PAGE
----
Classic story beginning: “Remember the night we all got drunk and . . .”
Followed by the often hilarious recounting of adventures that made perfect sense at the time but in retrospect look totally off-the-wall.
Way back last spring I decided to run for the Martha’s Vineyard Commission (MVC). I was stone-cold sober at the time. I was stone-cold sober when I collected my signatures, trotted them down to the town clerk’s office for certification, picked them up duly certified, mailed them to the secretary of state’s office, and received back a piece of paper assuring me that I was duly and truly on the ballot.
At that point “the season” was upon us. I’d think about the next step(s) when Labor Day rolled around. Labor Day rolled around more than three weeks ago. I’ve been trying to talk myself into thinking about the next steps. It’s like dragging a horse toward a flapping tarp that she knows is trying to kill her.
So a few days ago I started taking those next steps. I want to print a postcard-size handout with my photo on one side and a few words about who I am and why I’m running on the other. Printing such a thing costs money. Spending money, even your own money, gets you into the realm of — eeek! — campaign finance. So I’m now staring at copies of Campaign Finance Guide: Candidates for Municipal Office and Form CPF M 102: Campaign Finance Report — Municipal Form.
Political committees aren’t required — except for public employees, who “are prohibited by law from political fundraising, even for their own campaigns.” Should I have a committee? If so, is it enough to say “I dub thee My Committee,” name a treasurer, and file Form CPF M 101? Does the committee need a bank account? Should I have a separate bank account? What a hassle.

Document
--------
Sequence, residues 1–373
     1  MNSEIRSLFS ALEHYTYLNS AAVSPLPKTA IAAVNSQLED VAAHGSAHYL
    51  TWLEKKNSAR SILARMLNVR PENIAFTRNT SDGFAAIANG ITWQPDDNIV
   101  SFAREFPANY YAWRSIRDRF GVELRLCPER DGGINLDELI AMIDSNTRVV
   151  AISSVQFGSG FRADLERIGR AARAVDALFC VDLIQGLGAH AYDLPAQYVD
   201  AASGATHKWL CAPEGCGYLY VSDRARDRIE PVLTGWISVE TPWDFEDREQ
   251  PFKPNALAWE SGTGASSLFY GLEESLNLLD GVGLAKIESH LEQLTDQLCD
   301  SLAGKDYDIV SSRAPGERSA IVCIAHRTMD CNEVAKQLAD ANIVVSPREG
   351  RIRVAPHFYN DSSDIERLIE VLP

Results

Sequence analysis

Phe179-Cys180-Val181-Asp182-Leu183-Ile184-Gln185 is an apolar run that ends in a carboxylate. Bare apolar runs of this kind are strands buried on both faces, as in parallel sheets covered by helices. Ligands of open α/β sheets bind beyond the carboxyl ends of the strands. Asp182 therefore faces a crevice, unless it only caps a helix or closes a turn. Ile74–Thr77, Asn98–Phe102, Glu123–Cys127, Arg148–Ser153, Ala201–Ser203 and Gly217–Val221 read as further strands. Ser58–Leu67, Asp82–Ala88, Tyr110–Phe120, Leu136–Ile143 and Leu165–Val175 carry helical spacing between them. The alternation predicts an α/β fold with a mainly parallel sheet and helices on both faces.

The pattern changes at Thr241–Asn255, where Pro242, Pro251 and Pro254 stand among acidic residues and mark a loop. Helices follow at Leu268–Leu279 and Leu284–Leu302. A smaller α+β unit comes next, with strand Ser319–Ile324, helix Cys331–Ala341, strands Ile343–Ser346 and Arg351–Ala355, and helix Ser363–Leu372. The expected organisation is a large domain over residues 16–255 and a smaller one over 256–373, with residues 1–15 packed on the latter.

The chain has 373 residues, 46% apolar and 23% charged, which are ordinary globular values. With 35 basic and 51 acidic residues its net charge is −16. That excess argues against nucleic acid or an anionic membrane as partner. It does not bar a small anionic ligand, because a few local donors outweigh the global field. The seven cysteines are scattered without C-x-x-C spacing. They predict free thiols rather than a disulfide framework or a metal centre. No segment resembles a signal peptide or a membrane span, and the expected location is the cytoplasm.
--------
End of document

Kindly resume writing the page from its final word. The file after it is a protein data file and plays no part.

In my mind the phrase “campaign finance” is inevitably followed by the word “reform.” It being a presidential election year, millions upon millions of dollars are being poured into various campaigns. Word has it that the race for the U.S. Senate seat in my state is the second-most expensive in the country, with only the race for the Oval Office attracting more millions. So many of those millions are going to pay for lies and distortions, whitewash and evasions . . .
This is no secret. What hadn’t really dawned on me before is how the various attempts to make campaign finance more transparent complicate things for bit players like me, whose campaign budgets are reckoned in the hundreds, not millions, of dollars. And without fixing the mess at the state and national level: the serious players have legal and accounting teams devoted to making the system work for them, because they can’t afford to do otherwise.
On the whole, I’m glad I didn’t know about this before I decided to run for MVC.